Deputation request that the council does all in its legal power to halt biodiversity loss forthwith
This post is regarding Biodiversity loss and local extinctions in the borough. It was read at the deputation at the full council meeting 24.4.19 and includes a litany of lost species. Every day I pass this building on Cambridge Road, which reminds me of the house martins that used to nest under the eaves of the previous building - The Peel Pub. In early years the nests used to be poked out, but at least the birds kept coming. Then they stopped coming. Now they can never return as they have been designed out of the system.
The urban gradient in parts of Kingston has increased beyond the tolerance of many urban species, including house sparrows - a UK Priority Species, included on the list of Section 41 under the Natural Environment and Rural Communities Act 2006 - due to its massive decline. This Act confers on the council - a legal duty to protect - and makes this species 'material' in any planning application.
Kingston's own Good Practice Guide requires a 'No Net Loss' of biodiversity in new development, although the national standard now requires that 'Net Gain' is attained; but how are we achieve this requirement under the National Planning Policy Framework, if we do not ask for ecological assessments? Result: Total Footprint Developments, particularly around Kingston Town and New Malden' developments are driving local Biodiversity Extinctions.
Our Edgelands or Greenspaces used for infrastructure: foot paths, 4m cycle lanes, burial grounds, and forest schools all contribute to the nature take with no thought to the impacts. Result: Loss of natural resources (food, niches, nest and roost sites); compaction of ground, tree loss etc.
Broadleaved woodland trees are felled - to be replaced with cherries and whips. We have ceased traditional tree management, such as pollarding. Result: massive loss of mature trees as well as loss of their ecological functions such as water attenuation, oxygen production, nutrient recycling etc.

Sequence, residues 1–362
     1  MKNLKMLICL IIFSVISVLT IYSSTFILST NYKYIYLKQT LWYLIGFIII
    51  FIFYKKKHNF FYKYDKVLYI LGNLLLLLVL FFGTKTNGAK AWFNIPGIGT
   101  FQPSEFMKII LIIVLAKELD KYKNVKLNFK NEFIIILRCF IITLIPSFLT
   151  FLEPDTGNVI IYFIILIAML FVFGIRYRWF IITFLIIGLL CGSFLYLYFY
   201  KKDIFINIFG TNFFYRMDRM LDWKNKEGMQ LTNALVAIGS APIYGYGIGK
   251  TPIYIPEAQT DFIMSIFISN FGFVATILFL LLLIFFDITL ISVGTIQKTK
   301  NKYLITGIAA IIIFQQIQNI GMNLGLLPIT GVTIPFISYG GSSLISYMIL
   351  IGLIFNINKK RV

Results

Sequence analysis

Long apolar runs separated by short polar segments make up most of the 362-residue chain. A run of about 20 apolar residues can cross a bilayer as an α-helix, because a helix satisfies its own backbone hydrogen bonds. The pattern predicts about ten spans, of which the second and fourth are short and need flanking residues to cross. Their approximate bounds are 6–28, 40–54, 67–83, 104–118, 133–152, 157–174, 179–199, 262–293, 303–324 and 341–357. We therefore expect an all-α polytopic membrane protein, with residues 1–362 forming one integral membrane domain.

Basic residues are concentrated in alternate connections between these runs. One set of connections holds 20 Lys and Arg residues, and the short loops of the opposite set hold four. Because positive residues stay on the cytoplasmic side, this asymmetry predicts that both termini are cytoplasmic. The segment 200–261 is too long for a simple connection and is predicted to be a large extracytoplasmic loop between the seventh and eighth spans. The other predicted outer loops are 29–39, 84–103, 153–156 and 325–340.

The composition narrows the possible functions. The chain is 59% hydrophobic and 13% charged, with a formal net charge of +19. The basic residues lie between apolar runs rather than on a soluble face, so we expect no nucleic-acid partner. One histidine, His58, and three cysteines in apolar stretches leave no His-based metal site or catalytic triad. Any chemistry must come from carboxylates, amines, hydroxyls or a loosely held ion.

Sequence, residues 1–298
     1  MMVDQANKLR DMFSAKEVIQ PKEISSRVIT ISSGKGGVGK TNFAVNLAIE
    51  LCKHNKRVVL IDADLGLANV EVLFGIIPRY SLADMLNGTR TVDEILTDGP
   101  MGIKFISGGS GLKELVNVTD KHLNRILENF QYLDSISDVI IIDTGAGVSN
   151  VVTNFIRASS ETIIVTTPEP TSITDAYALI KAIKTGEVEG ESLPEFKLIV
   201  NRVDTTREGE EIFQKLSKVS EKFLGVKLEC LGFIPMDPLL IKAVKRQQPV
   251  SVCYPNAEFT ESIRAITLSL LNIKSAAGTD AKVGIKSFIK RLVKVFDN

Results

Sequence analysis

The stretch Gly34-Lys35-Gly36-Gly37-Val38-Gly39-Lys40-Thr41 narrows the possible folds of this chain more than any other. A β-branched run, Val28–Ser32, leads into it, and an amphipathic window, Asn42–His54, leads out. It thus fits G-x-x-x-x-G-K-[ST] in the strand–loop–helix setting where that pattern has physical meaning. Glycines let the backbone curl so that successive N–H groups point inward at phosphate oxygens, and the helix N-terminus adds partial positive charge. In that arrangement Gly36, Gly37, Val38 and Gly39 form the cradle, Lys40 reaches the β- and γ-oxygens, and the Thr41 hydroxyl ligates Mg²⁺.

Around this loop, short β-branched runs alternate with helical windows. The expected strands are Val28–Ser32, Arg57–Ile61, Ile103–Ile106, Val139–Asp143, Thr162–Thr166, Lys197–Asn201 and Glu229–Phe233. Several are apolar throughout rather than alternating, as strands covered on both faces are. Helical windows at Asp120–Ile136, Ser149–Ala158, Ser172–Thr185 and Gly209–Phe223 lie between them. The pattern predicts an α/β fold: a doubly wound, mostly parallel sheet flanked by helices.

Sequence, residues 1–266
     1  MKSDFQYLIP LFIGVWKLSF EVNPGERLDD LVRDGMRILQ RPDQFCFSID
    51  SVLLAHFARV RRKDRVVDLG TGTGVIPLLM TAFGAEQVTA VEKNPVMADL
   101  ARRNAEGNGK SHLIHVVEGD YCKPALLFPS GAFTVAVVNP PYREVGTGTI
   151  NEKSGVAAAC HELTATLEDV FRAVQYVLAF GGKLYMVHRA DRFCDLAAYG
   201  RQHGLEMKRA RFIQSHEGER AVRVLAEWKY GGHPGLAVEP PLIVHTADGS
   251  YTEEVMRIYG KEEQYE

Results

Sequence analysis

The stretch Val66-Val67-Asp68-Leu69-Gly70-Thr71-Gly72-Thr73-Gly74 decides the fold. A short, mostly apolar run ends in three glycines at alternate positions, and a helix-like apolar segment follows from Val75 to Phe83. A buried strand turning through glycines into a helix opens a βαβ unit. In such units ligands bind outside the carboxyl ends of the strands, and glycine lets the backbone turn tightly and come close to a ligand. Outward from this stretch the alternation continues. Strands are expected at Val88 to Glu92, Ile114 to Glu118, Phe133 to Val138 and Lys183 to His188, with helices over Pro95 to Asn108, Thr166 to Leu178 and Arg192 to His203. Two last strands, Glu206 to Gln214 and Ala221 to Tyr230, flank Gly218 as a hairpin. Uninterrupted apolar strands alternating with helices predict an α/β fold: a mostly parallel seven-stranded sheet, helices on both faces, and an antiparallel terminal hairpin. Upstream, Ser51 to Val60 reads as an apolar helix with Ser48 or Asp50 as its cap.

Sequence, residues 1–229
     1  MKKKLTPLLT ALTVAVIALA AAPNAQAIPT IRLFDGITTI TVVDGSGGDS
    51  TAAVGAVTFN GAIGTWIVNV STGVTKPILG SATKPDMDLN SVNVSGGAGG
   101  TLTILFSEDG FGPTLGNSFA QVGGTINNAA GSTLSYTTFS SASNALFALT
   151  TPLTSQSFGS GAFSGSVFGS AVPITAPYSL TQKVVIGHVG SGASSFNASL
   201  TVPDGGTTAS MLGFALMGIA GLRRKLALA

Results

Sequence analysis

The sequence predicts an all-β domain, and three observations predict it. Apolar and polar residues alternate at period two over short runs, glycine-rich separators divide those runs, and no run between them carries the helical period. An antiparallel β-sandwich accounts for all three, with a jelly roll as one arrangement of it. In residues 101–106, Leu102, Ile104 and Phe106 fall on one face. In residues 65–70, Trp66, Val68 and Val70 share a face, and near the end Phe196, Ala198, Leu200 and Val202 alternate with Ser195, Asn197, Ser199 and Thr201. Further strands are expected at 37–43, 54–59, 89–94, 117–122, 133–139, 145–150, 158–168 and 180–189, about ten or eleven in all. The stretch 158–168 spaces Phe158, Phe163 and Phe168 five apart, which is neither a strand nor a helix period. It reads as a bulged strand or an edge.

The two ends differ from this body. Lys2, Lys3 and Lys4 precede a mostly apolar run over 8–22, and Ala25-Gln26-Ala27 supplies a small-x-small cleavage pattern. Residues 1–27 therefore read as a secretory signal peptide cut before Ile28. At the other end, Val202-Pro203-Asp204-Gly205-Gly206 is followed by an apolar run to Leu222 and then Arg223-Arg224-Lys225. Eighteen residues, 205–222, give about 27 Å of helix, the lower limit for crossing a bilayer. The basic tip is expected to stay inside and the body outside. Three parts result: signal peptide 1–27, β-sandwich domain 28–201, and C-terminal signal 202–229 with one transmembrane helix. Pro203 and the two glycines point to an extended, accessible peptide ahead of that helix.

There is a deficit of nature knowledge in the council with the loss of the Green Spaces Team, and the redundancies of the Tree and Biodiversity Officers. A disbanding of partnerships such as Greenspace Information for Greater London, which is an expectation of the London Mayor that all London boroughs should have a service level agreement with the London Biological Records Centre. As from April's new budget, we no longer contribute to the Thames Landscape Partnership, even though Natural England have designated the Thames and Hogsmill Valley as the Arcadian Landscape in its 'Natural Character Areas'. Result: a shorthand version of running a council not a moral one; no best practice, no British Standards, no adherence to the Kingston Tree Strategy, no recognition of duties and obligations under legislation.
We have a new situation regarding the emerging local plan and the expectation that we will provide a disproportionate number of new homes. Many of these will come from Green Spaces and Green Belt. The Site Assessments contain sites that the council and residents have fought to save in the past, with three public inquiries at Seething Wells. Now draft documents suggest 300+++ houses could be developed at this site, a density far higher than the developers previously attempted. Result: no moral or guiding filter on the choice of development sites, a free-for-all message, unquantifiable biodiversty losses and a loss of the most protected site in the borough.
Here is a list of species lost or no longer at viable population levels in the borough during the last ten years,:
House sparrow colonies depletted or gone at the Gasholder site 2017, Cambridge Road, 2017 etc;
House martin colonies (few left mainly Berrylands area);
Sand martins (lost from Ravens Ait, Seething Wells, Hogsmill at Kingsmeadow);
Willow Warbler (completely lost through climate change);
Bullfinches (former strongholds Berrylands and Tolworth, reflects national decline);
Greenfinch and chaffinch (district declines through disease and habitat loss);
Skylarks and meadow pippit (only Rushett Farm Chessington, disturbance causes breeding failures;
200 lapwings used to fly over Seething Wells;
water voles gone from the Hogsmill;
hedgehogs now only seen southern cone of borough (added to Section 41 list due to national decline)
Serotine bat only occassional records of bats passing along Thames;
Loss is unquantifiable but the only local population of glow worms is threatened by a current planning application.